I was 19 years old the first time I lifted my hands in worship.
We were in Etna, California, at a phenomenal Christian camp called the JH Ranch. About a hundred of us college students were serving as summer staff, and we began each morning with an hour of prayer and musical worship before breakfast. Nothing fancy, nothing special, no bells or whistles (though there may have been a tambourine).
It changed my life.
Now, I grew up going to church, but until that summer I had only known worship from the neck-up, both mentally and physically. As I’ve joked before, if you lifted up ‘holy hands’ on a Sunday in my church growing up, you’d better have had a ‘holy question!’
But out in California, the college kids around me seemed to be worshipping in ways I hadn't seen. Their hands were lifted and their hearts were moved. So one morning, I too dared to raise my hands during a song. And the moment I did, I had the sensation of chains unwrapping, falling off of me.
As I began to express my prayer and praise physically, something started changing. My friend Dave Rhodes says it best:
After almost two decades of deeply Southern, fundamentalist worship culture, something started shifting in my soul. Amazingly, though, nobody at that camp would’ve ever had any idea about what was happening in me. I know I certainly didn’t have any idea how profoundly my life would change as a result of those times of prayer and worship.
But something in my relationship with God had awakened. I spent the rest of that summer reading everything I could get my hands on about what worship is, what praise means, spiritual disciplines, what prayer entails. I devoured Scripture. I ordered books. I sought out leaders who would talk to me about it. Some leaders even sought me out to let me know how poorly I was doing leading worship on occasion.
At the end of that summer we all spent 24 hours in fasting & solitude before returning home. I hiked up a snow-capped mountain, laid down my sleeping bag, and began my 24 hours of solo prayer. I remember reflecting on how much God had changed me over those few months. I remember resolving that if God could use praise and worship like that in my life, then I would give my life to his using it towards that end in others. God showed me some things I’ll never forget, and at the end of my solo, I felt God's clear invitation to keep walking this road of worship.
Fast forward 17 years, I’m still walking that road. It’s taken me and my family all over the world, and it’s been a true testimony to the grace of God. He’s kept me from wrecking everything. He’s saved me from sabotaging my marriage. He’s protected me by not giving me what I thought I wanted.
I’ve learned a lot on this little road, getting plenty of things wrong, every now and then getting something right, and always being amazed at God’s goodness, kindness, and agility in using such dysfunctional instruments.
Now, I've reached a point in life now where I’m less interested in putting on SHOWS and more interested in helping raise up SHEPHERDS. Now, I am passionate about that next generation of worship leader--that 19 year-old somewhere with the anointing of God on her life or that college leader with a cheesy ponytail who is daring for the first time to lift his hands and bless God.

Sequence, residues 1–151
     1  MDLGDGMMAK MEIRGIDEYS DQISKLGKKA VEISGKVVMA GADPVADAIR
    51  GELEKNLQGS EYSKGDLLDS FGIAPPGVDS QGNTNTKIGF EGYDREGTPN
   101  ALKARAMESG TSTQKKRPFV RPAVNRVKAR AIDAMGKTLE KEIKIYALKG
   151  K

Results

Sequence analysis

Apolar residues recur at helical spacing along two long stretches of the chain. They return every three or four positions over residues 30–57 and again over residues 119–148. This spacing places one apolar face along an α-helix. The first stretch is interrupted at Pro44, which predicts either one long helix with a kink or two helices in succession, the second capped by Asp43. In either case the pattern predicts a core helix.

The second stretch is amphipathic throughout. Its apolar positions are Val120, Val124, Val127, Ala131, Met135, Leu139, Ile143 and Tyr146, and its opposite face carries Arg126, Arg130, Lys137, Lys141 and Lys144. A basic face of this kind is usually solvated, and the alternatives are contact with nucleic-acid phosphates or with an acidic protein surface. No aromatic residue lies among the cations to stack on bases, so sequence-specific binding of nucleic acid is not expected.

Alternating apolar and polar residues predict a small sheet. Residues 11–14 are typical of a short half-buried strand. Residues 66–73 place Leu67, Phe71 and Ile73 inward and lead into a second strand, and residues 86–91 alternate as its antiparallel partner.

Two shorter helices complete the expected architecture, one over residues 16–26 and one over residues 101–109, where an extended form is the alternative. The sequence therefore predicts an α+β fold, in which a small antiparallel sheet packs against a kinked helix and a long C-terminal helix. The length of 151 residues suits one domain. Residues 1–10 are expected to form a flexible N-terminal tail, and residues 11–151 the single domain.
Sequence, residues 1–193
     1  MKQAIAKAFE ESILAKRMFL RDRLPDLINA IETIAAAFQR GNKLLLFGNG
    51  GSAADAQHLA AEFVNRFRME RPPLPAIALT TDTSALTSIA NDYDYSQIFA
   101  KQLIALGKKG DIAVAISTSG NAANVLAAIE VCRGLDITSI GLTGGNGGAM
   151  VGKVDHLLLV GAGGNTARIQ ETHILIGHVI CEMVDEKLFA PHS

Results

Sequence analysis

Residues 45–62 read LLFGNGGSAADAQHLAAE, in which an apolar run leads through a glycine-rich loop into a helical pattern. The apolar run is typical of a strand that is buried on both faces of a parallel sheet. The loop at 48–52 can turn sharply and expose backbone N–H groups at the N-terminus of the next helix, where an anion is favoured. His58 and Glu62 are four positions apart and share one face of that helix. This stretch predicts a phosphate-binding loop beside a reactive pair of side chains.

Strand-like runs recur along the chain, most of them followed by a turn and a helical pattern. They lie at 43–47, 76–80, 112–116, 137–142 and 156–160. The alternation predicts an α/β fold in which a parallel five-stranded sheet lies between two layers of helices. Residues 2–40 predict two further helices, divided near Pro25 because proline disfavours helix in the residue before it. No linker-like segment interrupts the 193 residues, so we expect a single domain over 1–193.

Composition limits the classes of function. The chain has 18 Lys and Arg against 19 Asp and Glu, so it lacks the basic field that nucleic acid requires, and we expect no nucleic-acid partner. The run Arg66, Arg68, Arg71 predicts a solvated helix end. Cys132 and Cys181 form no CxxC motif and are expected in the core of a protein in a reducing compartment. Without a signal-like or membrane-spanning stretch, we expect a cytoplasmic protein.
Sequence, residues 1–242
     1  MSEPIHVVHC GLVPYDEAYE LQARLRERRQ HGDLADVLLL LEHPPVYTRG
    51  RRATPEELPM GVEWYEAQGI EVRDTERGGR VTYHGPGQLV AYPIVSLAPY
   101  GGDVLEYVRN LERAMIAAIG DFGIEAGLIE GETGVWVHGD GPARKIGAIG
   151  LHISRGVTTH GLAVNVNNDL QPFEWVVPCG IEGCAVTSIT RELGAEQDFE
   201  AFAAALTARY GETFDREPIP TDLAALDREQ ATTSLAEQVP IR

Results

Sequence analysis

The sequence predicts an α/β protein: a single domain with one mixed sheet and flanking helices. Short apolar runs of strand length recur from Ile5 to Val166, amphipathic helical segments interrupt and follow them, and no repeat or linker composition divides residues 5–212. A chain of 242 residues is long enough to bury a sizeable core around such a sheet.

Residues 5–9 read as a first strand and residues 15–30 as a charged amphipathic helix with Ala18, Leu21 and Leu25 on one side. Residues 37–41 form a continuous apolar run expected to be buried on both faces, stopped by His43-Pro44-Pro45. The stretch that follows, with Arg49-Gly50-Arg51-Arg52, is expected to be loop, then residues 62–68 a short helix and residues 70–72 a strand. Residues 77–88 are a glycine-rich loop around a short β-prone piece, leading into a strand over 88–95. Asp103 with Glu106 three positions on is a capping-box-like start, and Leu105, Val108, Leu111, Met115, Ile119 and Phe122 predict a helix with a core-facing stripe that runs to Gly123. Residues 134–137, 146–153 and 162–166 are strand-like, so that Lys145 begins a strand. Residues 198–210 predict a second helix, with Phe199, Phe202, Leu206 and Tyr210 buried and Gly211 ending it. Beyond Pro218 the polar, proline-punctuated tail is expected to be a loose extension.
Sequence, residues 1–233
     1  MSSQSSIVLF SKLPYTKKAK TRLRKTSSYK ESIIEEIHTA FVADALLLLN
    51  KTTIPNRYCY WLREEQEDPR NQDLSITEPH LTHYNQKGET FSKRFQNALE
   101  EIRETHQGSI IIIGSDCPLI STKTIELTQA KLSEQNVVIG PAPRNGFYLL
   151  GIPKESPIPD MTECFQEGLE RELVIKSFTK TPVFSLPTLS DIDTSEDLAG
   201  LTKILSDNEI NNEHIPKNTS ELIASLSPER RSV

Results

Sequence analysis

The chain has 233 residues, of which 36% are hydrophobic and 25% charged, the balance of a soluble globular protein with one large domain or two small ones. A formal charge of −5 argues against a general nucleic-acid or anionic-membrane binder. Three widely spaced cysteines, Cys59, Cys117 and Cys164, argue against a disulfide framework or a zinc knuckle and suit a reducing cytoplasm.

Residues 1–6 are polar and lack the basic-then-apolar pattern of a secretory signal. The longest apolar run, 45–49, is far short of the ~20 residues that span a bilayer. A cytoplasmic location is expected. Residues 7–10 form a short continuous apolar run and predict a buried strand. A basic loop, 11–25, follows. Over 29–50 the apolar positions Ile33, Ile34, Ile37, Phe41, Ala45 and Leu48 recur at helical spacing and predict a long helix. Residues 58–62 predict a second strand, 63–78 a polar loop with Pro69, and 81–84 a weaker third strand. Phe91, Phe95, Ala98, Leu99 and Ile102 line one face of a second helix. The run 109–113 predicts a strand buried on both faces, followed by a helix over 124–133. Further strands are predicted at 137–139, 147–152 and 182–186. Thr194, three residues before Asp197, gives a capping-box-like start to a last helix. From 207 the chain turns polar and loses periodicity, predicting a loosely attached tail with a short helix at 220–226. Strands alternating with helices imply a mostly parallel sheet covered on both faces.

My family and our community have oriented our entire life around this goal through 10,000 Fathers and our worship school.
When I look back, I’m so grateful for our grandfathers & forefathers (and mothers!) of worship. From St. Patrick all the way back in the 4th Century to Jan Hus in the 14th; from Martin Luther (15th C) to Johann Bach and the Wesleys (18th C). I thank God for the more recent worship renewal back in the late ‘60’s and early ‘70’s. I thank God for the Jesus Movement, the Vineyard, Calvary Chapel and so many others. I’m grateful for trailblazers like Don Moen & Darlene Zschech, Jason Upton & Stuart Townend. I’m grateful for guys like Louie Giglio and Chris Tomlin.
It has become more and more obvious to me that we stand on the shoulders of those who’ve gone before us, and God has done so many beautiful things around the world through this renewal of praise and worship.
Looking forward, I’m curious about how we’re going to keep moving this forward faithfully and how focused we’ll be as we do. Sometimes it seems like there’s a lot of sideways energy these days. Sure, we have more worship songs—170,000 in CCLI, and counting!—more worship services, more worship concerts, but do we have more worship?
Is it maturing?
Are people’s lives changing? Are they loving God with more of their heart, soul, and strength?
If so, are we even around to know it, much less know what to do with it?
Another hero of mine, Bob Kauflin, told me one time:
I think he’s right. I think we must.
The more people I talk with, the more I get a sense that the renewal we’ve been enjoying is ripe and ready for reformation. Over the next few months, we’ll be making a few observations on this.
What do you see around you? How do you sense God shifting our 'worship culture'?